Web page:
Al Clayton, Noted Southern Food Photographer, Passes Away



Al Clayton - Photo by John Egerton
  • Al Clayton - Photo by John Egerton
Nowadays, anybody with an iPhone and an appetite can consider themselves a food photographer. I'm as guilty as anybody, styling my french fries at Burger Up, trying to bounce the sun off a menu for more appetizing lighting, shooting a chili dog from a low angle to add drama. But this week, we lost a real food photographer who made a difference when Al Clayton passed away this past Monday in Georgia.

First, please allow me to get a little personal for a minute. I discovered about five years ago that Al was my uncle when my birth mother contacted me through Family and Children's Services. I had just started working as a food writer, so the irony was not lost on me that I was related by blood to the talented photographer who worked with John Egerton on perhaps the seminal regional book on the subject, Southern Food: At Home, on the Road, in History.

I always enjoyed speaking with John about his experiences working with Al, and I know it was tough on my uncle to miss John's funeral last winter due to his own frail condition. Like a married couple where one spouse follows the other quickly into the hereafter, Egerton and Clayton just couldn't be apart for too long, and I imagine they're talking about all of us over a plate of country ham and red-eye gravy right about now.

Clayton's career as a photographer certainly had a focus on food, but that wasn't all that his lens captured. Born in Etowah, Tenn., in 1934, he spent much of the 1950's in the Navy and learned the craft of camerawork as a medical photographer. After attending art school in Los Angeles and moving to Atlanta, he came to Nashville in 1965 to work for Illustration Design Group. It was there that he received the assignment to travel around the American South to document the plight of the malnourished and dispossessed children and adults of the Mississippi Delta, eastern Kentucky, Georgia and Alabama. Senators Robert Kennedy and Joseph Clark used these photographs in congressional hearings, and they were said to be instrumental in the passing of the Food Stamp Act.


The photographs were collected in Still Hungry in America, a powerful book which Clayton co-authored with Robert Coles in 1969. The next year, his first collaboration with Egerton was released, A Mind to Stay Here: Profiles from the South. Al became known as a source of images that could really enlighten folks who had never visited the southern half of the country about what the conditions and people there were really about.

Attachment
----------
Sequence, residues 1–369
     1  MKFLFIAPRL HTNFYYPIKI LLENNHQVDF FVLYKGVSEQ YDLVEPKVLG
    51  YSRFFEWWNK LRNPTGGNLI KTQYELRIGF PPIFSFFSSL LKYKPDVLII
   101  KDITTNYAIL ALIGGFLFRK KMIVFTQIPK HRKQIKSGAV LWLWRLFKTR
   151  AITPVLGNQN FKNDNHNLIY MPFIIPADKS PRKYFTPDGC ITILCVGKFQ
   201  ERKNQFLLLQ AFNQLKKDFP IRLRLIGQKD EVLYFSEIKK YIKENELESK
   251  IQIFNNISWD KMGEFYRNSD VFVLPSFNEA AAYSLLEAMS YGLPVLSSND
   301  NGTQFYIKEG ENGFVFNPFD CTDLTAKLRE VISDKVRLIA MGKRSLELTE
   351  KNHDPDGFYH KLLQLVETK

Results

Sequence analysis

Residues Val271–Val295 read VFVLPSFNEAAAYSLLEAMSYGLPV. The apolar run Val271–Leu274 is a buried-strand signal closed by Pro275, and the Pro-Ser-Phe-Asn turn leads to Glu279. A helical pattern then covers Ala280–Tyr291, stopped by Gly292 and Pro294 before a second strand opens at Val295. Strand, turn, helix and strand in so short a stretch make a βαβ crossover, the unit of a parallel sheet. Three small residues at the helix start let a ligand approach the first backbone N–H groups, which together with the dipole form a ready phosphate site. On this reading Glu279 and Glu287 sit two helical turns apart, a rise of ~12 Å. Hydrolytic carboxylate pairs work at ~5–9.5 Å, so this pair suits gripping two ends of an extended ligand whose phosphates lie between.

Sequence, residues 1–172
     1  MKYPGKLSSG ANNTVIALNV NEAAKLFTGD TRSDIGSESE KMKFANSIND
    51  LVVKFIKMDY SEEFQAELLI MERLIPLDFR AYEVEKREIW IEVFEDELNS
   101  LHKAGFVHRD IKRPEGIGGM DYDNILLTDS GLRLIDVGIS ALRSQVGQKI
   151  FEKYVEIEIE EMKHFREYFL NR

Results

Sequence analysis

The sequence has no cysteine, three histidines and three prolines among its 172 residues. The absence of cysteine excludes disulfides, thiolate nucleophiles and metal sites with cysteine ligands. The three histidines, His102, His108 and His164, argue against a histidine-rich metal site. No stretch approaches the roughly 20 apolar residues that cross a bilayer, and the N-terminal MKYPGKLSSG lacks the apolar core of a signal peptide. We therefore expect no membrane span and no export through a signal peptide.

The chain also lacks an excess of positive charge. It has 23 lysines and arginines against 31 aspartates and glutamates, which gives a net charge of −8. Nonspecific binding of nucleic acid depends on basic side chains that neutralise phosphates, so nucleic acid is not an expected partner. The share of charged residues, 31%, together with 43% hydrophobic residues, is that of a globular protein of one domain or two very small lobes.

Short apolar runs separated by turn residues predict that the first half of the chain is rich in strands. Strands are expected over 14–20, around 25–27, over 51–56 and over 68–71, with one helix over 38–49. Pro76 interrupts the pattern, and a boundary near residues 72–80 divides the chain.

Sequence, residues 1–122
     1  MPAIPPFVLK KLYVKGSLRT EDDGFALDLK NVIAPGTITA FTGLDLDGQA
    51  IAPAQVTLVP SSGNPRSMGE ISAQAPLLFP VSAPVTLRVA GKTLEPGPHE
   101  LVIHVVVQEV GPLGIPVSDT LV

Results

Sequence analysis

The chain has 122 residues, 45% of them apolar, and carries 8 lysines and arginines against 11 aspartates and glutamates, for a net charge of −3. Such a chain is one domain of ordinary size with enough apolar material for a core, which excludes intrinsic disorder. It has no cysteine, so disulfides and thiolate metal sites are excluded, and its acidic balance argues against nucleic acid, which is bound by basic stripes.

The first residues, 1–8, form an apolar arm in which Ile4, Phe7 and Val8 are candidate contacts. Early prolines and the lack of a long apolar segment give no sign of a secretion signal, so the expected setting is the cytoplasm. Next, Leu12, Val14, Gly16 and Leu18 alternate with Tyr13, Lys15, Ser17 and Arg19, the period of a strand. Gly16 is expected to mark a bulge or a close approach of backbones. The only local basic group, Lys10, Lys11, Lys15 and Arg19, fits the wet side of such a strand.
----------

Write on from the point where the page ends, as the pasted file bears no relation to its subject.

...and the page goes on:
In their landmark 1987 Southern Food project, Egerton and Clayton wrote and illustrated the first major popular written work on the connection between Southern food, culture and history. The book was absolutely crucial in launching the academic exploration of Southern food that eventually led to the formation of the Southern Foodways Alliance. John's prose and Al's images work together to weave beautiful stories of the cooks and foods of their home region.

Clayton was not limited to just work behind the camera. He also wrote humorous books about pigs, collaborated with Rev. Will D. Campbell (who passed away last June, starting this unfortunate chain of great Southern voices lost), filmed a documentary about a snake handler, and toured with the Allman Brothers during the '70's. His photo subjects included musicians like the Allmans, Bob Dylan and Kris Kristofferson. He was a photojournalist for Look magazine in the war in Biafra, and those photos earned him an Overseas Press Club Citation for Excellence — Best Coverage of a Foreign News Event.

Many of us rightfully mourned the passing of John Egerton and his passionate intellectual approach to writing about Southern food. But now that Al Clayton is gone, we've lost the buttered side of that particular biscuit. We'd all better really up our Instagram games in a big way to make up for his absence.

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